Dec. 31, 2004 Evidence for the prolonged presence of potentially-life-supporting, salty, acidic water on the surface of Mars claims top honors as the Breakthrough of the Year, named by Science and its publisher, AAAS, the nonprofit science society.
The findings from 2004 suggest that Mars was once a wet, warm place that could have been capable of cradling life billions of years ago, when life on Earth was getting its start.
This milestone plus nine other research advances make up Science's list of the top ten scientific developments in 2004, chosen for their profound implications for society and the advancement of science. The Top Ten list appears in the 17 December 2004 issue of the journal Science.
With the help of remote-sensing spacecraft, NASA's two hardy little robotic explorers performed the first true geologic field explorations on another planet.
The Opportunity rover discovered exposed bedrock at Eagle crater on Meridiani Planum that suggests a cyclical wet-and-dry history. The bedrock provides long-sought evidence for a prolonged wet and warm period on Mars.
On the other side of the Red Planet, the rover Spirit found evidence of shallow groundwater that may have transformed hundreds of meters of volcanic ash into soft, iron-rich rock.
Any martian life would have confronted a harsh environment dominated by salty, acidic waters that regularly dried up, but creatures capable of surviving or even thriving under such extreme conditions live here on Earth.
An international team of scientists outfitted the two identical Rovers with "eyes" that see in color, a magnifying glass, a grinding wheel for exposing fresh rock, an elemental analyzer, and two mineral-identifying instruments.
The Mars rovers are not working alone. The Thermal Emission Spectrometer on board NASA's Mars Global Surveyor provided, among other information, mineral data that helped the scientists choose Meridiani Planum as Opportunity's landing spot. New results from the European Space Agency's Mars Express orbiter point to water-weathered rocks elsewhere on Mars.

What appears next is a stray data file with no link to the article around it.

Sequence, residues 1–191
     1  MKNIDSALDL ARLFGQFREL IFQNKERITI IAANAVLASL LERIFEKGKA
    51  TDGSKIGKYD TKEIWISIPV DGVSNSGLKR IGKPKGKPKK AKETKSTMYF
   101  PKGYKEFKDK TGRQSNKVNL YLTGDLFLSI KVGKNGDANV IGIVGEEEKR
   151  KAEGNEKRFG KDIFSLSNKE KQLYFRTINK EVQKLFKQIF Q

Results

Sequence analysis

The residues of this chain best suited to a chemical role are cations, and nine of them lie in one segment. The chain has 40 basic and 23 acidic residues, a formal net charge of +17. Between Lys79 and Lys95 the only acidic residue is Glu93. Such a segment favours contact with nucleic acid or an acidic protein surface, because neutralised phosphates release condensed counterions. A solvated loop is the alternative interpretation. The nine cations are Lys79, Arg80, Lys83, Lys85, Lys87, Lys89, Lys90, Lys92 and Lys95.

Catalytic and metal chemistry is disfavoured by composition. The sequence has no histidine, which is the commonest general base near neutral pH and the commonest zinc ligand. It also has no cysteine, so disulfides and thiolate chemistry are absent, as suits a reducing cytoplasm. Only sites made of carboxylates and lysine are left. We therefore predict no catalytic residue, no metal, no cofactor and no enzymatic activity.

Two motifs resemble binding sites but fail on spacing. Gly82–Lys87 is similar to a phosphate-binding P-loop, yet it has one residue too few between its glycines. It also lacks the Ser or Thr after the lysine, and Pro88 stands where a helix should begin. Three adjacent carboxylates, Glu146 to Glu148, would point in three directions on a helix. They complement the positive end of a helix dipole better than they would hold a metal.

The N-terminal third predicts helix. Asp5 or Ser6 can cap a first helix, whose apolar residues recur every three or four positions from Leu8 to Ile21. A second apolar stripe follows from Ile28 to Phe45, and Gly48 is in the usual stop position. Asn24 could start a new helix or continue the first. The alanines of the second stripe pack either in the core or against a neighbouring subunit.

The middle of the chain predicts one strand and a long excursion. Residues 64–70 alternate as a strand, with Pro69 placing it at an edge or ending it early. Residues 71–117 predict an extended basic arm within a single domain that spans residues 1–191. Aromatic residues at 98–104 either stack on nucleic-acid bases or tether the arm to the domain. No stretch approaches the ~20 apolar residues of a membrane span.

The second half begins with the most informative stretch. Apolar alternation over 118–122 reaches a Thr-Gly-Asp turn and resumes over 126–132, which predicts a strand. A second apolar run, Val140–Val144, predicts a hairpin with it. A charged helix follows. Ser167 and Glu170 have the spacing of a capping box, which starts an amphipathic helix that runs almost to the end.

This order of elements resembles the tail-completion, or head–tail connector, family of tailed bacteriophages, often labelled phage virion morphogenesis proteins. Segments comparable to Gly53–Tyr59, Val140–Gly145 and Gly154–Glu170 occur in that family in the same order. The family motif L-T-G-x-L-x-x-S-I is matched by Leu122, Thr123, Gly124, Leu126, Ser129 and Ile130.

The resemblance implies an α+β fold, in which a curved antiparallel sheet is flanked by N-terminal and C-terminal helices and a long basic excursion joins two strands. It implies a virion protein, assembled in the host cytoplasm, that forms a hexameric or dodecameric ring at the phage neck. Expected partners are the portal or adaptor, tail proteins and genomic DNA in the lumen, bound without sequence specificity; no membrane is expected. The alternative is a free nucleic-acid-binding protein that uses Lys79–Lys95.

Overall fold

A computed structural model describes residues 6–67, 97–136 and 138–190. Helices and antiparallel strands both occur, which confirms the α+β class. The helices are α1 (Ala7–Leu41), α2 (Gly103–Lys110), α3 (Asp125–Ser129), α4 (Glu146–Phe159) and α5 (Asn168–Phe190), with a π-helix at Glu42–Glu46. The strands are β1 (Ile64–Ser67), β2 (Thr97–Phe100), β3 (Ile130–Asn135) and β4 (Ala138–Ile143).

The next generation of robotic Mars explorers may attempt to bring back rock, dirt or dust samples, including hematite "blueberries" capable of preserving minute details of organisms that may have lived on Mars.
Science also salutes nine other scientific achievements of 2004. Except for the first runner up, the others are in no particular order.
The Littlest Humans: The startling discovery of a species of small human relatives in a cave on the Indonesian island of Flores suggests that modern humans and these small "hominids" shared the Earth just 18,000 years ago. The new species, Homo floresiensis, may have evolved from an earlier population of Homo erectus that was isolated on the island and then shrank to make better use of scarce resources. Or, might these fossils simply be the remains of modern humans with small heads due to a condition called "microcephaly"? The debate is sure to continue into 2005.